That evidence is a lookout tower, about ten metres tall, very mid-century modern in its natural concrete form, nestled amongst the distinctively shaped leaves of cabernet sauvignon vines. It wasn’t difficult for Don Day to stand up there (and Don Day’s Wife to sit down up there) and imagine the pride a farmer must have when he looks out over his almost-ready-to-harvest crop.
In the base of the tower, a handsome table is the centrepiece of a room occasionally used for dinners and tastings. I was sad that we weren’t going to use the room during our visit. Sad until we reached the prime building where all of the steps in the winemaking operation take place and I saw what was planned for there.
It’s another midcentury modern structure with tall, windswept grasses giving it a zenlike appearance. Pea gravel scrunched beneath our feet as we walked on to the paved courtyard and passed the bicycles used for touring the vineyards.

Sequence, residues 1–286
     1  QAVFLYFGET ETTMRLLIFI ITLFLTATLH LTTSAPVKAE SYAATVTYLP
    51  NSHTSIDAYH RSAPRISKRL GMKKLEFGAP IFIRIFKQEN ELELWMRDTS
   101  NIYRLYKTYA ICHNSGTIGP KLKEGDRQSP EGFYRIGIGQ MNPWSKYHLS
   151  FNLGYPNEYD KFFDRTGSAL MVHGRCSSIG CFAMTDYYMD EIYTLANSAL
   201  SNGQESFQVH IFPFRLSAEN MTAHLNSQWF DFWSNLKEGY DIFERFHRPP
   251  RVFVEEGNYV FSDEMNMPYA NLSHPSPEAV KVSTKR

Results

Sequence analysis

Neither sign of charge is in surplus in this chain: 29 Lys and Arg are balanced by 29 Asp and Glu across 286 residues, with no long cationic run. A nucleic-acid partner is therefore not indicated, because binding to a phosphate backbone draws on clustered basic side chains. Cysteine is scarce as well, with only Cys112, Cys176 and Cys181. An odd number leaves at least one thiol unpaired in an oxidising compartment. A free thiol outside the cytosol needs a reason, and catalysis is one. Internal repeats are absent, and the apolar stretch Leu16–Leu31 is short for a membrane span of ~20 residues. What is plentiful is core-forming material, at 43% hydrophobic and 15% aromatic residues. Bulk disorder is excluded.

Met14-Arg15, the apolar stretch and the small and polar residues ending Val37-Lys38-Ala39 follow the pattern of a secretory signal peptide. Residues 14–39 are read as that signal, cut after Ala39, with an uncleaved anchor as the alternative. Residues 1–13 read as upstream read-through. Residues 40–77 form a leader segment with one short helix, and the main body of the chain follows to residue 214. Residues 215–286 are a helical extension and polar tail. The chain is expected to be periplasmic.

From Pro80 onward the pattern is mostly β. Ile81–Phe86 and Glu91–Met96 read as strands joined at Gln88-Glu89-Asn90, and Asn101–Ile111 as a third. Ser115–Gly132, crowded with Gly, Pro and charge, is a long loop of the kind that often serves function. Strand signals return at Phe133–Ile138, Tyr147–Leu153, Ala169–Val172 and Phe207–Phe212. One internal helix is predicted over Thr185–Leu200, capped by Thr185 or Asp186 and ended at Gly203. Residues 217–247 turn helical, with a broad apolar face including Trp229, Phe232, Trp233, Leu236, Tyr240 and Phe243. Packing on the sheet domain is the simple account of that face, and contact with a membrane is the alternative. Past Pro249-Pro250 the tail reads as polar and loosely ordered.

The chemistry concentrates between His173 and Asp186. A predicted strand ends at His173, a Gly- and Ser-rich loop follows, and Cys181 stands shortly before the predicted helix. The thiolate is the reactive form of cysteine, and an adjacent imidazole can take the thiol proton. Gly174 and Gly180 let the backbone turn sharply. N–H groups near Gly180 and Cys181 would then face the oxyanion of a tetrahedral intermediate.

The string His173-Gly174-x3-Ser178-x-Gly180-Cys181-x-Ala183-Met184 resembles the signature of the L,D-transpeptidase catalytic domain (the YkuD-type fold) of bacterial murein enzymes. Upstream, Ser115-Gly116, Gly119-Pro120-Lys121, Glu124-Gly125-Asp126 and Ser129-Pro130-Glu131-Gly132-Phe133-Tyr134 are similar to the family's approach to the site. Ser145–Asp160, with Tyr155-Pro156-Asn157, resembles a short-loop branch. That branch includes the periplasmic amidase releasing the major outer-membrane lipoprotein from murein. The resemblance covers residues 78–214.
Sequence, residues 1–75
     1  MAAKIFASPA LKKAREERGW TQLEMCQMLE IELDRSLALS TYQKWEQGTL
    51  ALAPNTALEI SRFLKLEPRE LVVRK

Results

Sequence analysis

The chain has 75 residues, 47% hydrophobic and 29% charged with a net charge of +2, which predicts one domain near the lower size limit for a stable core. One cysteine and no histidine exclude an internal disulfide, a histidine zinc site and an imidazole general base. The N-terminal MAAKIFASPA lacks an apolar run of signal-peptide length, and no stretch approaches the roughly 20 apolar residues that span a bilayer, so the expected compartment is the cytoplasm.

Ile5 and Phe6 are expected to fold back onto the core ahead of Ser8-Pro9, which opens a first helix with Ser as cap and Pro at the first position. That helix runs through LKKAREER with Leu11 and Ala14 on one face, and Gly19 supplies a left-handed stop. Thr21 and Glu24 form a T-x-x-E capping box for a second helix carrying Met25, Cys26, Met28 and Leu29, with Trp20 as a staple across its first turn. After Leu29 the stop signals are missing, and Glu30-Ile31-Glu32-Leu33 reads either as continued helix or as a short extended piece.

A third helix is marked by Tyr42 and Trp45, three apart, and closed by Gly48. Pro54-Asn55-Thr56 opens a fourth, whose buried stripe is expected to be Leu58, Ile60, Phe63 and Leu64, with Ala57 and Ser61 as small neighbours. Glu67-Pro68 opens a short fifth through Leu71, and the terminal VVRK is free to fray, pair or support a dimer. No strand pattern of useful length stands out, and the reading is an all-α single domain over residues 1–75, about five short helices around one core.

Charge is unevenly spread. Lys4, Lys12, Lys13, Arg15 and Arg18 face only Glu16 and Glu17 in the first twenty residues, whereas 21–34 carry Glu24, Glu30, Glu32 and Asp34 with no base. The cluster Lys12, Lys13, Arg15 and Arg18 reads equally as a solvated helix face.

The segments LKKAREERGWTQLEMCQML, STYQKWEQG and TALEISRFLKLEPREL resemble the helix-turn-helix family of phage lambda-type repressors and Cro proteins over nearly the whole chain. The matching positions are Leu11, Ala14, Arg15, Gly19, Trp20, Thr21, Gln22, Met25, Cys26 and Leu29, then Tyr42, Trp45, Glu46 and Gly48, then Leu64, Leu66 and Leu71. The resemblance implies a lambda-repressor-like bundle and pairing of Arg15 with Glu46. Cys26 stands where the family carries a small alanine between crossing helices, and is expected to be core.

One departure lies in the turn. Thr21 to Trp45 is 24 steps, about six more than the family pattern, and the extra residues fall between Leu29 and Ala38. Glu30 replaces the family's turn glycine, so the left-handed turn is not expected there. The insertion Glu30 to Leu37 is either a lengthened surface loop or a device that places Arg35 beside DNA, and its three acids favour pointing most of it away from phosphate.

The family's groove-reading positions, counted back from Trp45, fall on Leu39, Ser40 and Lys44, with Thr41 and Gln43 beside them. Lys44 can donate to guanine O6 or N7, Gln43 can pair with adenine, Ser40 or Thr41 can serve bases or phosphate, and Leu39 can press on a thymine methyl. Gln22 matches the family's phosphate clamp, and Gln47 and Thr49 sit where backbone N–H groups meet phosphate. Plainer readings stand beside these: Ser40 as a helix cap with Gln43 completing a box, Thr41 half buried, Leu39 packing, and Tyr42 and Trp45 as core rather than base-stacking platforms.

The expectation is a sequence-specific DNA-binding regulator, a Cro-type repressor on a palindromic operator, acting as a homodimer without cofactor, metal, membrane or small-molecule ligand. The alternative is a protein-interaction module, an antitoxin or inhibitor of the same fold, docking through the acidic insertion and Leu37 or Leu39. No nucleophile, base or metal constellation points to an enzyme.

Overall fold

Back in the seventies, when Don Day first experienced oenotourism and visited wineries in France, most of them were dark, dank dungeons that smelled of mold, mildew and malt vinegar. The only art on the walls was created by spiders and one expected Bela Lugosi to emerge from behind a barrel at any moment. It always seemed that you were taking the proprietor away from something far more important than making money by selling you wine.
Oh how times have changed. Cuna de Tierra‘s winery is so clean I could hear my shoes squeaking as we inspected the stainless steel cold settling tanks. The lights were bright enough when we paraded past the barrels to read where in France, the United States or Hungary they came from.